heavy Meaning in the Cambridge English Dictionary Cambridge dictionaries logo
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Meaning of “heavy” in the English Dictionary

"heavy" in British English

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heavyadjective

uk   /ˈhev.i/  us   /ˈhev.i/
  • heavy adjective (WEIGHING A LOT)

A2 weighing a lot, and needing effort to move or lift: heavy equipment heavy work/lifting How heavy is that box? (= How much does it weigh?)

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  • heavy adjective (TO A GREAT DEGREE)

B1 (especially of something unpleasant) of very or especially great force, amount, or degree: a heavy blow to the head heavy fighting heavy traffic heavy rain/snow a heavy smoker/drinker a heavy sleeper
heavy seas
sea that is rough with large waves

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  • heavy adjective (UNPLEASANT)

old-fashioned slang used to describe something such as a situation that is dangerous or unpleasant: Then the police arrived and things got really heavy.

heavynoun [C]

uk   /ˈhev.i/  us   /ˈhev.i/ slang
(Definition of heavy from the Cambridge Advanced Learner’s Dictionary & Thesaurus © Cambridge University Press)

"heavy" in American English

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heavyadjective [-er/-est only]

 us   /ˈhev·i/
weighing a lot: The piano’s much too heavy for one person to lift. Bob’s much heavier than the last time I saw him.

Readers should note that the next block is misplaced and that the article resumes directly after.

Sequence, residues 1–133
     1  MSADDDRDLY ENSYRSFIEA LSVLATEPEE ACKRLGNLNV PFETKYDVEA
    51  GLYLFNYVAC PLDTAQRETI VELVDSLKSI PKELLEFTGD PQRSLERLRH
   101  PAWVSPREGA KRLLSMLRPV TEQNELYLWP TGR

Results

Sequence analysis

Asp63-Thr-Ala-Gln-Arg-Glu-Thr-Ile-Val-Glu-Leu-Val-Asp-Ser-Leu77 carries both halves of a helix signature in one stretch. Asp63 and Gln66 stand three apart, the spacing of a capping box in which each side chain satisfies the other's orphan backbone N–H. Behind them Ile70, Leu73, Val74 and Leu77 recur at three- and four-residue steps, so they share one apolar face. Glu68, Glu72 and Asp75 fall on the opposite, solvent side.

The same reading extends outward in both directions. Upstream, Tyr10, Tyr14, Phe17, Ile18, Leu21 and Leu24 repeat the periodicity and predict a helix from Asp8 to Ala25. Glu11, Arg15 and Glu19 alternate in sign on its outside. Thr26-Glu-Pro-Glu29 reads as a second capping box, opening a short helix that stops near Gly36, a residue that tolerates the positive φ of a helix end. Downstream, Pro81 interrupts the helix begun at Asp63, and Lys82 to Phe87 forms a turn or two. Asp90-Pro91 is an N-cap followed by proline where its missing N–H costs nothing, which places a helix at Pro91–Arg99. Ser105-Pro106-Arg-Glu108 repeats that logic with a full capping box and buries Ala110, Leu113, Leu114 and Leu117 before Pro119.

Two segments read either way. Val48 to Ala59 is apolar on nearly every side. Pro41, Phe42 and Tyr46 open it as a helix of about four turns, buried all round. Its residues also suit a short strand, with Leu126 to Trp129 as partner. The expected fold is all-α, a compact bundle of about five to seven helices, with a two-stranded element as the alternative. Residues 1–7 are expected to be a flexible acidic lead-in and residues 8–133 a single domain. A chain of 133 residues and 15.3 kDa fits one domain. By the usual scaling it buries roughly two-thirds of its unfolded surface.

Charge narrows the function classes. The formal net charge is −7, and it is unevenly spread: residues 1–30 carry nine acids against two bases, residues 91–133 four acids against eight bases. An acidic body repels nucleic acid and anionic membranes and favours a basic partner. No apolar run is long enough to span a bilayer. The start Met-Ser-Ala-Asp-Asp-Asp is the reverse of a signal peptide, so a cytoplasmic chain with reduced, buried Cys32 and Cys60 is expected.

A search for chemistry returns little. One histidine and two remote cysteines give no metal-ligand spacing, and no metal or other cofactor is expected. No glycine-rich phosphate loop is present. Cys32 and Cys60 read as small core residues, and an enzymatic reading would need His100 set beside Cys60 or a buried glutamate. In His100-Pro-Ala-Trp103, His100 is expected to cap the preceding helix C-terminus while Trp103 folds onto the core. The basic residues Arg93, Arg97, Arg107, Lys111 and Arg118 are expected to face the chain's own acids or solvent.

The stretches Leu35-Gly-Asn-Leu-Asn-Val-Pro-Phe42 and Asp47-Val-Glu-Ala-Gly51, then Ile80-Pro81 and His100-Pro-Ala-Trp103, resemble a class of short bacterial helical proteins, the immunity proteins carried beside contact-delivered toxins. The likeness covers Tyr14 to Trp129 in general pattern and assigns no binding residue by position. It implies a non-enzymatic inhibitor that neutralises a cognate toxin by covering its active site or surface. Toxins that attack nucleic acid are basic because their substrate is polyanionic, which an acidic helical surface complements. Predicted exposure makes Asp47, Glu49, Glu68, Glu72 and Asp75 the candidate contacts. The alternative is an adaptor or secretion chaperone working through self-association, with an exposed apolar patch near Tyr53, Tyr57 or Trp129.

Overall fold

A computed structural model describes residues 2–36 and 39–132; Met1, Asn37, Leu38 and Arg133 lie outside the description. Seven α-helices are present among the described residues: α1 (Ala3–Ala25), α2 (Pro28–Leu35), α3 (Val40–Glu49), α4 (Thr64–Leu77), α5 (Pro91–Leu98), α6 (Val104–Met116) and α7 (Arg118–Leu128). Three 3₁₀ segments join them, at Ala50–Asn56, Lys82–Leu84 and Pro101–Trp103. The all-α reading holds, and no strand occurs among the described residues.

thick, strong, solid, or looking that way: heavy clouds heavy cream It’s too hot today for a heavy meal (= a large, cooked meal that is hard to digest).
of great amount, or degree, or force: heavy snow/rain/fog heavy traffic a heavy workload a heavy sleeper heavy fighting
(Definition of heavy from the Cambridge Academic Content Dictionary © Cambridge University Press)

"heavy" in Business English

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heavyadjective

uk   us   /ˈhevi/
larger in number or amount than usual: heavy taxes/fines/subsidies Those found to be violating the law could face heavy fines. Salaries and bonuses of directors have been cut by a third after heavy criticism of 'fat-cat' payments. There are worries that the dollar will come under heavy pressure later in the year. a heavy burden/debt/loss heavy demand/selling/investment
involving a lot of work and effort: a heavy workload/schedule
heavy on sth
having a lot of something: Some faculty members have criticized the board as too heavy on business people and too light on educational experience.
pay a heavy price (for sth)
to be in a very difficult situation because of a mistake or bad decision that has been made: If we reject the deal, we will pay a heavy price in terms of trade, jobs, and investment.
(Definition of heavy from the Cambridge Business English Dictionary © Cambridge University Press)
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“heavy” in Business English

A bunch of stuff about plurals
A bunch of stuff about plurals
by ,
May 24, 2016
by Colin McIntosh One of the many ways in which English differs from other languages is its use of uncountable nouns to talk about collections of objects: as well as never being used in the plural, they’re never used with a or an. Examples are furniture (plural in German and many other languages), cutlery (plural in Italian), and

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